There is another familiar case in which adjectives may cause more confusion than clarification: the misleading labels of “Orthodox”, “Conservative”, “Reform”, “Reconstructionist”, “Unaffiliated”, “Ashkenazic”, “Sephardic”, etc. It’s important to ask whether or not these words have anything to do with who we are in our kishkas (insides)! If we were able to perform a Litmus Test on our souls – or perhaps a “Litmus Configuration” on our souls, for “Midnight Run” fans who are more familiar with the Grodin/DeNiro technique for counterfeit money inspection – would we actually expect to find any trace of these labels? Do we really think that just as there are various blood types, a litmus test would reveal various “soul types”, such as AJ (Ashkenazic Jew), OJ (Orthodox Jew), UJ (Unaffiliated Jew), etc.? Do these labels somehow exist as “spiritual-chemical” elements on some kind of “Spiriodic Table”?
It’s crucial to keep in mind that the essential soul of a Jew has no such adjectives! A Jew is a Jew is a Jew. And the more we learn to focus on our shared essence, the more we can appreciate the splendor of our true unity! May G-d grant us the wisdom to continually discern the differences between external adjectives and essential nouns!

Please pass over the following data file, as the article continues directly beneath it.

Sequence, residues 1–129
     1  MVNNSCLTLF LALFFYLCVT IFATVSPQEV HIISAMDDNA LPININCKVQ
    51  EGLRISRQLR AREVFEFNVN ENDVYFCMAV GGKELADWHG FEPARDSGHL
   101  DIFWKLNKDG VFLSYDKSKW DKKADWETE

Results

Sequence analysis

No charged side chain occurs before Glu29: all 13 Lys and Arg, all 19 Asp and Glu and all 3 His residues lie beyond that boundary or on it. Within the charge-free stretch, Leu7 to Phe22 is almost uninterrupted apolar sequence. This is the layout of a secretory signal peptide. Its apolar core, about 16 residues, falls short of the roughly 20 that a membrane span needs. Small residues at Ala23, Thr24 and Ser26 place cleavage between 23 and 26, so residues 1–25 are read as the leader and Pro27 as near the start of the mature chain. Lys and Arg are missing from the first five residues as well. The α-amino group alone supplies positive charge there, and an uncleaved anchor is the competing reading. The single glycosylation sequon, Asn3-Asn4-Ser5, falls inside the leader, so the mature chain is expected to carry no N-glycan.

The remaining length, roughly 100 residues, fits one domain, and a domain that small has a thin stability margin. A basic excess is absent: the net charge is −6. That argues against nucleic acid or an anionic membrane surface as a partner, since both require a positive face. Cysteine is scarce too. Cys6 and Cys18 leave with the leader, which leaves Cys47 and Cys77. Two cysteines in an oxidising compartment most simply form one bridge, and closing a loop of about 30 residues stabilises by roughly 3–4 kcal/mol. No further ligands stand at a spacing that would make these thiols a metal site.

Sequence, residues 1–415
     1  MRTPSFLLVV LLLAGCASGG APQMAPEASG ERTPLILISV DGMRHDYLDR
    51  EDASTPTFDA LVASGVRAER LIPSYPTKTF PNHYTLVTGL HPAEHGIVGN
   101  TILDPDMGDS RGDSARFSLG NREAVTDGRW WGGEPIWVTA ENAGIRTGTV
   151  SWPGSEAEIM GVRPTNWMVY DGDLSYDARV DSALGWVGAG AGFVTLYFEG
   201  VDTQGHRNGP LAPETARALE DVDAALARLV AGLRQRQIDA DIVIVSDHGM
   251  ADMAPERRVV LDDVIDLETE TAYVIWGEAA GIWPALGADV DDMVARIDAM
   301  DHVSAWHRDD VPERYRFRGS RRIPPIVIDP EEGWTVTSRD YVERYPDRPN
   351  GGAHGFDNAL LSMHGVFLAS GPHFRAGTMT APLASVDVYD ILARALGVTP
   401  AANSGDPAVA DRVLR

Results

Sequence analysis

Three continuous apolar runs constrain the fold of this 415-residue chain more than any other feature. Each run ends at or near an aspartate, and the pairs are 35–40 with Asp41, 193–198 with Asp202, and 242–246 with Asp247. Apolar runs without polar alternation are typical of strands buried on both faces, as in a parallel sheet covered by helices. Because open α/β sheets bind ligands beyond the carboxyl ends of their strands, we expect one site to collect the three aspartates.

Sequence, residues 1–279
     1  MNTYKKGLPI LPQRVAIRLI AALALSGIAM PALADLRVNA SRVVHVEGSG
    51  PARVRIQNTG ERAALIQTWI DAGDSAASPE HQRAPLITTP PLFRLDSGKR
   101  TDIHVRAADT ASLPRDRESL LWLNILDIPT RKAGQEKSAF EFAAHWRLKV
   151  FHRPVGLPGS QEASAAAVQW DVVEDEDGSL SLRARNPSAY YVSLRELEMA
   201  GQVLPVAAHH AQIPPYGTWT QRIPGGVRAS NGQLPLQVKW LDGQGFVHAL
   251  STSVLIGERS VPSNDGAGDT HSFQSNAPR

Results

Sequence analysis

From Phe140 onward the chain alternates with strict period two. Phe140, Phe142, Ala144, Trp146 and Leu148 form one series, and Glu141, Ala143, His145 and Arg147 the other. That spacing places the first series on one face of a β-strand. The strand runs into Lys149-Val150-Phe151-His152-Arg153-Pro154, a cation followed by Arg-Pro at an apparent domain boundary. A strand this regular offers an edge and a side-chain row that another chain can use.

“Birthright Battles & Material Worlds”
Insights from Torah Portion Toldos
It’s unfair to characterize a uniform Jewish view on just about any topic. As soon as you start talking about different periods [in history], it’s almost impossible to answer any question unless you specify what Jews, where and when. Essentially, uniformity of Jewish thought is impossible to find.
Provost of the Jewish Theological Seminary in New York
as quoted by jweekly.com
Seems confusing, doesn’t it? We have Erlbaum saying that regardless of the various differences between Jews, in fact, a “Jew is a Jew is a Jew.” We also have Cooper saying that it’s “unfair to characterize a uniform Jewish view on just about any topic.” Which view of Jewish people is correct? Probably both. Is this a problem?
Nope. Well, maybe.